“The city of London (saith Fitzstephen) hath in the east a very great and a most strong palatine Tower, whose turrets and walls do rise from a deep foundation, the mortar thereof being tempered with the blood of beasts. In the west part are two most strong castles, etc.” To begin therefore with the most famous Tower of London, situate in the east, near unto the river of Thames: it hath been the common opinion, and some have written (but of none assured ground), that Julius Cæsar, the first conqueror of the Britons, was the original author and founder, as well thereof as also of many other towers, castles, and great buildings within this realm; but (as I have already before noted) Cæsar remained not here so long, nor had he in his head any such matter, but only to dispatch a conquest of this barbarous country, and to proceed to greater matters. Neither do the Roman writers make mention of any such buildings created by him here; and therefore leaving this, and proceeding to more grounded authority, I find in a fair register-book, containing the acts of the Bishops of Rochester, set down by Edmond de Hadenham, that William I., surnamed Conqueror, built the Tower of London; to wit, the great white and square tower there, about the year of Christ 1078, appointing Gundulph, then Bishop of Rochester, to be principal surveyor and overseer of that work, who was for that time lodged in the house of Edmere, a burgess of London; the very words of which mine author are these: “Gundulphus Episcopus mandato Willielmi Regis magni præfuit operi magnæ Turris London. quo tempore hospitatus est apud quendam Edmerum Burgensem London. qui dedit unum were Ecclesiæ Rofen.

Ye have before heard that the wall of this city was all round about furnished with towers and bulwarks, in due distance every one from other; and also that the river Thames, with his ebbing and flowing, on the south side, had subverted the said wall and towers there. Wherefore King William, for defence of this city, in place most dangerous, and open to the enemy, having taken down the second bulwark in the east part of the wall from the Thames, built this tower, which was the great square tower, now called the White Tower, and hath been since at divers times enlarged with other buildings adjoining, as shall be shown. This tower was by tempest of wind[64] sore shaken in[43] the year 1090, the 4th of William Rufus, and was again by the said Rufus and Henry I. repaired. They also caused a castle to be built under the said tower, namely, on the south side towards the Thames, and also incastellated the same round about.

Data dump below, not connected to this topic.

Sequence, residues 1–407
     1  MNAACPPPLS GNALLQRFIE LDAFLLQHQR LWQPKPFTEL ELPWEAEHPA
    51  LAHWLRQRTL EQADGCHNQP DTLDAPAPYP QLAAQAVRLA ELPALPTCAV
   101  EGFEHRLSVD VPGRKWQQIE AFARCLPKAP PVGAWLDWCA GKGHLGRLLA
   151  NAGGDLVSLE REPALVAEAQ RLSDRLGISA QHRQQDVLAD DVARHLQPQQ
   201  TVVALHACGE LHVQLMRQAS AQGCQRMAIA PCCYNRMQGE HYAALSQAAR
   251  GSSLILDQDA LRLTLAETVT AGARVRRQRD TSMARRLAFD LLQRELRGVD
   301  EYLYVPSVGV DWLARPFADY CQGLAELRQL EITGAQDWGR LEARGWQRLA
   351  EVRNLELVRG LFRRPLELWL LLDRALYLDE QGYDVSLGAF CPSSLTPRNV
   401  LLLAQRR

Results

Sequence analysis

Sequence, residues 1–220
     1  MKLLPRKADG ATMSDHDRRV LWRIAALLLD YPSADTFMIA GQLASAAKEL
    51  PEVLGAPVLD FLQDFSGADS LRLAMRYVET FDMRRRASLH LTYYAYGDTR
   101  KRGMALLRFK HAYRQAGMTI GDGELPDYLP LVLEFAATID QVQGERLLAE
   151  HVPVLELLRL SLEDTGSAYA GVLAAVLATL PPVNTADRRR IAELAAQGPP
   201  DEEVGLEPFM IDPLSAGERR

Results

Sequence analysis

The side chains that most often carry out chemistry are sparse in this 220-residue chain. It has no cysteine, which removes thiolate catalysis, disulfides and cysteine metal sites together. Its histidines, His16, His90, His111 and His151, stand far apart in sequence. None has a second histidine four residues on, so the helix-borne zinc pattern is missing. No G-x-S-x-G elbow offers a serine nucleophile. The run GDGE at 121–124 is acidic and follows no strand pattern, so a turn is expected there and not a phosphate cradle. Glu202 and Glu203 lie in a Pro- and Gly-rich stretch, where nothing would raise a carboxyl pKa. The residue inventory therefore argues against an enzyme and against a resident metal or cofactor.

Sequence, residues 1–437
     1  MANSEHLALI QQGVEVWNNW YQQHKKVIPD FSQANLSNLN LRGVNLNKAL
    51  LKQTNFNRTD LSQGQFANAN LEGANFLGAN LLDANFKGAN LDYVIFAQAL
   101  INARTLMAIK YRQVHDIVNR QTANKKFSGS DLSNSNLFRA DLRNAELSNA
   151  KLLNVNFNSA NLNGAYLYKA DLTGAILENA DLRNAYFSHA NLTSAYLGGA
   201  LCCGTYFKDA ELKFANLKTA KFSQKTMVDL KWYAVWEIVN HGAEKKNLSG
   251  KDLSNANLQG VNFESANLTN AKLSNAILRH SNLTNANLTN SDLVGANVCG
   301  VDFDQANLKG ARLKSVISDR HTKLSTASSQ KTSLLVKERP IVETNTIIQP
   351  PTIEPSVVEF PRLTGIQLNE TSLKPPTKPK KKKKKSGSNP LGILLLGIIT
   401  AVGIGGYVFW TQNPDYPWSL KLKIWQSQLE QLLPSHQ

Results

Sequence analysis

Henry Huntingdon, libro sexto, hath these words: “William Rufus challenged the investure of prelates; he pilled and shaved the people with tribute, especially to spend about the Tower of London, and the great hall at Westminster.”

Othowerus, Acolinillus, Otto, and Geffrey Magnaville, Earl of Essex, were four the first constables of this Tower of London, by succession; all which held by force a portion of land (that pertained to the priory of the Holy Trinitie within Aldgate); that is to say, East Smithfield, near unto the Tower, making thereof a vineyard,[65] and would not depart from it till the 2nd year of King Stephen, when the same was abridged and restored to the church. This said Geffrey Magnaville was Earl of Essex, constable of the Tower, sheriff of London, Middlesex, Essex, and Hertfordshire, as appeareth by a charter of Maud the empress, dated 1141. He also fortified the Tower of London against King Stephen; but the king took him in his court at St. Albones, and would not deliver him till he had rendered the Tower of London, with the castles of Walden and Plashey in Essex. In the year 1153 the Tower of London and the castle of Windsor were by the king delivered to Richard de Lucie, to be safely kept. In the year 1155, Thomas Becket being chancellor to Henry II., caused the Flemings to be banished out of England,[66] their castles lately built to be pulled down, and the Tower of London to be repaired.

About the year 1190, the 2nd of Richard I., William Longshampe, Bishop of Elie, Chancellor of England, for cause of dissension betwixt him and Earl John, the king’s brother that was rebel, inclosed the tower and castle of London, with an outward wall of stone embattled, and also caused a deep ditch to be cast about the same, thinking (as I have said before) to have environed it with the river of Thames. By the making of this inclosure and ditch in East Smithfield, the church of the Holy Trinitie in London lost half a mark rent by the year, and the mill was removed that belonged to the poor brethren of the hospital of St. Katherine,[67] and to the church of the Holy Trinitie[44] aforesaid, which was no small loss and discommodity to either part; and the garden which the king had hired of the brethren for six marks the year, for the most part was wasted and marred by the ditch. Recompense was often promised, but never performed, until King Edward coming after, gave to the brethren five marks and a half for that part which the ditch had devoured, and the other part thereof without he yielded to them again, which they hold: and of the said rent of five marks and a half, they have a deed, by virtue whereof they are well paid to this day.